I had the same characterization issues with Racing Savannah's Jack, so I'm kind of thinking I just may not jive with Miranda's current male characters.
The lack of discussion re: safe sex
While I'm definitely not a prude by any means, I was a little disappointed that none of the characters take the opportunity to discuss safe sex throughout the course of the book.
*Slight spoiler ahead*
Even though several of the characters - Annie, included - engage in sexual relationships at one point or another, none of them actually reflect on what it means to have that type of relationship with a significant other. I think incorporating that discussion could have added a certain degree of poignancy to her reminisces of Kyle, and her burgeoning interest in Jeremiah.
This is also a personal preference on my part though, and I absolutely respect Miranda's artistic decisions.
Readers will undoubtedly be moved by Annie's transition from someone who is literally outrunning her own guilt, into someone who begins to run toward a different future and become invested in life again. The relationship that she also develops along the way with Jeremiah and her fellow runners, will remind readers that there will always be others in the world who do understand who you are and what you've been through.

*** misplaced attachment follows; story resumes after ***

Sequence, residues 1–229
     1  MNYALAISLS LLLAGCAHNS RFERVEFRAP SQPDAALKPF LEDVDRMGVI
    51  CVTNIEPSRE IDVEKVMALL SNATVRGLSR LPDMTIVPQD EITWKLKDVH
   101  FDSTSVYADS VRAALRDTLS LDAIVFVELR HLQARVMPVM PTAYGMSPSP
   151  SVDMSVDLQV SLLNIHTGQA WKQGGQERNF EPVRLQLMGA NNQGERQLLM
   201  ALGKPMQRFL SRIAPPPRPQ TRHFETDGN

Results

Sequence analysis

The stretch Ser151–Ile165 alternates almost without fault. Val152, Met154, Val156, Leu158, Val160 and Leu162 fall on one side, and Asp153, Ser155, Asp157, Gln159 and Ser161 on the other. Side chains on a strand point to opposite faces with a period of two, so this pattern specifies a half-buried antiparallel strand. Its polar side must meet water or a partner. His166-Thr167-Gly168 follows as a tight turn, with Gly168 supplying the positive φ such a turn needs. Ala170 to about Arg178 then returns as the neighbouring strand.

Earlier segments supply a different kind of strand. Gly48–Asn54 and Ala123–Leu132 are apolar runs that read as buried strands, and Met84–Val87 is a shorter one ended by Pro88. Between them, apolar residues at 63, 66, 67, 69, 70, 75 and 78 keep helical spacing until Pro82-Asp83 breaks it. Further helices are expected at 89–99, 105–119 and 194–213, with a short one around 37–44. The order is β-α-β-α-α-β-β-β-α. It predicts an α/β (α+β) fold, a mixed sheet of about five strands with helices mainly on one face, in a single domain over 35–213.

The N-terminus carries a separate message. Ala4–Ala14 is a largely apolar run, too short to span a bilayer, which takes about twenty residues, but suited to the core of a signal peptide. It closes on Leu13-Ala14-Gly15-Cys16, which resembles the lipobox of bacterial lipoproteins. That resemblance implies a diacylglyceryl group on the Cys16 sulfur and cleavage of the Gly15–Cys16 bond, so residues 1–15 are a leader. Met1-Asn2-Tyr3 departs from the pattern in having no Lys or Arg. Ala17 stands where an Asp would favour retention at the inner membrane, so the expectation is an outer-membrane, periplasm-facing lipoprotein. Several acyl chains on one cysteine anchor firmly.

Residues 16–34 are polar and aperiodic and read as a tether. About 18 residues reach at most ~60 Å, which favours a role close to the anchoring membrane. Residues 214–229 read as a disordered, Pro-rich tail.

All in all, this is a great addition to the Hundred Oaks world. It fits seamlessly into the rich tapestry of characters that Miranda has already created in Jordan, Parker, Savannah and the like, but also stands out on its own for its strength and quiet conviction.
I strongly recommend this book for fans of YA contemporary fiction, but also for readers who are looking for an extremely moving tale about personal strength and recovery.
About the author:
Growing up in Tennessee, Miranda Kenneally dreamed of becoming an Atlanta Brave, a country singer (cliché!), or a UN interpreter. Instead she writes, and works for the State Department in Washington, D.C., where George W. Bush once used her shoulder as an armrest. Miranda loves Twitter, Star Trek and her husband.